Viacom makes NAB break over station cap

Apr 9, 2001  •  Post A Comment

In a blow to the prestige of the National Association of Broadcasters, Viacom’s CBS Television and Infinity Broadcasting last week pulled their 35 TV stations and more than 180 radio stations out of the trade group.
CBS’s major beef, according to sources, was the NAB TV board’s refusal to reconsider its staunch opposition to a network campaign to ax a federal rule barring broadcasters from reaching more than 35 percent of the nation’s TV households.
“It has now become clear that we cannot remain within an organization that is actively working against [CBS’s] objectives,” said the network, in a statement.
“Deregulation cannot in good conscience be approached piecemeal, selecting for elimination those that directly help one’s company while supporting those that hamstring a competitor,” added Leslie Moonves, CBS TV president and CEO, and Farid Suleman, Infinity president and CEO, in a joint letter to the NAB. “We must reject an agenda that is inconsistent and misguided and which fails to address the very real competitive and technological challenges to our industry’s future.”
The fight over the cap has divided affiliates and their networks for the past several years, with the networks contending they need to beef up their station portfolios to compete with the cable giants.
But affiliates fear that easing the cap will give networks too much additional power over them.
The battle has been particularly visible at the NAB because the association’s affiliate-dominated TV board has forced the organization to lobby for the cap-and NBC and Fox Broadcasting Co. have already bailed out of the association, chiefly over the cap conflict.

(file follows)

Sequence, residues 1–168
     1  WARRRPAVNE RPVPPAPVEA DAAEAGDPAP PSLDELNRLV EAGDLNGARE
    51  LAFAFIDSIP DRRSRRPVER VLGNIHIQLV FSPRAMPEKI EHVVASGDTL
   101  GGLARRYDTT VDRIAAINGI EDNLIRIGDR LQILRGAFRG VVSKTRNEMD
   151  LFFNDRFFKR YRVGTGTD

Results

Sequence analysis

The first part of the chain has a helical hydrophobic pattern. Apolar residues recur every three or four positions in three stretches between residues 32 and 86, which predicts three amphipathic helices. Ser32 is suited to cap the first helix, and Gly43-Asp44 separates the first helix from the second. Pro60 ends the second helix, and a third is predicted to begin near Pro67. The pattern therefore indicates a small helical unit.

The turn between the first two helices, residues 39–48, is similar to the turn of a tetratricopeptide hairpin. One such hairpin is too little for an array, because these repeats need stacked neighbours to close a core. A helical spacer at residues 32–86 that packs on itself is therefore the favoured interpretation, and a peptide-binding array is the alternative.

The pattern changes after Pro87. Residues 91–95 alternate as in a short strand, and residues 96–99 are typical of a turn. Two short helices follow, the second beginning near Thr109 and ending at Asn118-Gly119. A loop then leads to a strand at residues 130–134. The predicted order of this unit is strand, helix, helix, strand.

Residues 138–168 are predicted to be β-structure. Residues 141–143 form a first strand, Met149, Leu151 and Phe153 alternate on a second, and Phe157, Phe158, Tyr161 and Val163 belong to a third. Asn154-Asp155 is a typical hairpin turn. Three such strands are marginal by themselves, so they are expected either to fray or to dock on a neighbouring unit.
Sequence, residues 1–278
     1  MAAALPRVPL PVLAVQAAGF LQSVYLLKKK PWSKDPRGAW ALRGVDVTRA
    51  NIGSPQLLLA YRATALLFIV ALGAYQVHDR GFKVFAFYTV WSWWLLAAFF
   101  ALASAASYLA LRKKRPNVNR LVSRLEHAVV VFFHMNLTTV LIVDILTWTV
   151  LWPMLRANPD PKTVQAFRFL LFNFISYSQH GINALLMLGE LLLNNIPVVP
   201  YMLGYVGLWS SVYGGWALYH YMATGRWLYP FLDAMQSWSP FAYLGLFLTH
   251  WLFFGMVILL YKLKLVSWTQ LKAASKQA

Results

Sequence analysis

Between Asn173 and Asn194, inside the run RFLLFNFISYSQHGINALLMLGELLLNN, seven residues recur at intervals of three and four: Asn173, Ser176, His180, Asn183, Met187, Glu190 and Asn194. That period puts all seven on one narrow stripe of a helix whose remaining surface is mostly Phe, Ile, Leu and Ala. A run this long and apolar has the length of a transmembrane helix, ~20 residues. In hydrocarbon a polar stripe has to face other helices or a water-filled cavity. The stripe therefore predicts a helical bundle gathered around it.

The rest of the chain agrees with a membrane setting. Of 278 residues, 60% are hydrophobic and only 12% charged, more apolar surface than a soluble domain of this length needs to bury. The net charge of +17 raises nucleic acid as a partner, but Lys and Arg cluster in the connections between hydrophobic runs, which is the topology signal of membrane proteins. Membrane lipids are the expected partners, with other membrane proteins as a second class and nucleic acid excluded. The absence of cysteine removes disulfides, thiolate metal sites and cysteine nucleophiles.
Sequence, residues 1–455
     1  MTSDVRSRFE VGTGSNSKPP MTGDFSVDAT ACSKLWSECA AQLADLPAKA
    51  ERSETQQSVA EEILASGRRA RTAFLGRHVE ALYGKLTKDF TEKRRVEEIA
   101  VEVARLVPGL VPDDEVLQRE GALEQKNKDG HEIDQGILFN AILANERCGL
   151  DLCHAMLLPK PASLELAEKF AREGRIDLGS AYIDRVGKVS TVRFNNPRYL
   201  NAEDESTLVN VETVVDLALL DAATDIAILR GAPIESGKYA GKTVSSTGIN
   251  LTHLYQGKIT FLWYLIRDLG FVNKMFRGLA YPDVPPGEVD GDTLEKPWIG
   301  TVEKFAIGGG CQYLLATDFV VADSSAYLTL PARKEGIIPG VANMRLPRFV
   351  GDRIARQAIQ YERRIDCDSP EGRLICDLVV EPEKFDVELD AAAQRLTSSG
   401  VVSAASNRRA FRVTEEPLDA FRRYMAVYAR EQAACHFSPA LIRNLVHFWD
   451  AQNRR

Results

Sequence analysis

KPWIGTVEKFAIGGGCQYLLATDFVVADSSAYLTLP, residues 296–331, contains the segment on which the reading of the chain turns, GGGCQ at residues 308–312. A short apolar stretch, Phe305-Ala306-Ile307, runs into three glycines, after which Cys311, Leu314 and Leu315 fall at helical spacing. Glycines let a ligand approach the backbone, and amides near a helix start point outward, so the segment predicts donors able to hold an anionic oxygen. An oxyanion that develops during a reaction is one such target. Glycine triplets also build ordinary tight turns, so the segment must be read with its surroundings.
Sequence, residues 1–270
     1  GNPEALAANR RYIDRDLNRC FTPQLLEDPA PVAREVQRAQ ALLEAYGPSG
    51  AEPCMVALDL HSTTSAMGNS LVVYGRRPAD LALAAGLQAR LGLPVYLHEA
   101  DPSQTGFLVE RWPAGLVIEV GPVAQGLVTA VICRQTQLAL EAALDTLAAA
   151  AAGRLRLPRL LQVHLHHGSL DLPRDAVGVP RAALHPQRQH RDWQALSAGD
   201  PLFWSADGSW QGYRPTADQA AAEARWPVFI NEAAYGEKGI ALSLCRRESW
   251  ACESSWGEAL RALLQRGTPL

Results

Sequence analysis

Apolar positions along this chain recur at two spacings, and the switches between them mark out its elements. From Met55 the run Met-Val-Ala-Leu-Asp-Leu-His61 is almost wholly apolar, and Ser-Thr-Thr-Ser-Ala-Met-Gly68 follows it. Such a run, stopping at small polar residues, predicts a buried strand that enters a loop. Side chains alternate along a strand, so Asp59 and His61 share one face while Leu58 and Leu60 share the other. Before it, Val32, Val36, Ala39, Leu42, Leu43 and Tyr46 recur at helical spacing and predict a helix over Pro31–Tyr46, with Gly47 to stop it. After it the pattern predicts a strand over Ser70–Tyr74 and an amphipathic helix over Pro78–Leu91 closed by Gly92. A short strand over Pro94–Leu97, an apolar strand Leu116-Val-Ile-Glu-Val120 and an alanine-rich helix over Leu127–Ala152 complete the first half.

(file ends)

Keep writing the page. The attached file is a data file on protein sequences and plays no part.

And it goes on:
In a brief statement, NAB said it was “regrettable” that CBS had followed the other major network members out the door.
Preston Padden, executive vice president, government relations, The Walt Disney Co., said ABC had decided to remain on board-even though it is now the association’s only major network member.
“ABC will remain a member of NAB and work from inside the organization with the twin goals of restoring broadcast industry unity and embracing consistent and principled deregulation of broadcast ownership rules,” Mr. Padden said.
Alan Frank, president of Post-Newsweek Stations and an NAB TV board member, said several station representatives tried to persuade CBS to stay.
“But they are electing to make the cap a litmus test, and that’s their choice,” Mr. Frank said. “We believe that for the good of the American broadcast system and what it stands for-localism and diversity-the cap is very important.”
In a last-ditch effort to keep CBS on board, Eddie Fritts, NAB president and CEO, had proposed to convene a special board meeting of the association’s radio and TV boards to consider taking a blanket policy of neutrality on all the battles that divide the networks and their affiliates.
But network sources said NAB TV board members derailed the initiative, fearing they might lose a vote that included NAB radio board members.
Ben Tucker, NAB TV board chairman and president of Fisher Broadcasting, said the cap issue had been voted on repeatedly and ratified by the radio board several times previously. “There was no need to bring it up again,” Mr. Tucker said.
No matter how important the cap battle, some broadcasters were making clear that they believe it would be far better for the industry to work together.
Jeff Smulyan, chairman and CEO of Emmis Communications, said unity may be critical to ensure the industry’s survival.
“Broadcasters have to work together to try to figure out a way to save free TV,” Mr. Smulyan said.
Bill O’Shaughnessy, chairman of Whitney Broadcasting, said it would behoove the NAB to focus on its central mission: protecting the industry from government incursions.
“When you have to draw the wagons in a circle, the circle is smaller and provides a less effective haven if the big wagons are not available,” he said.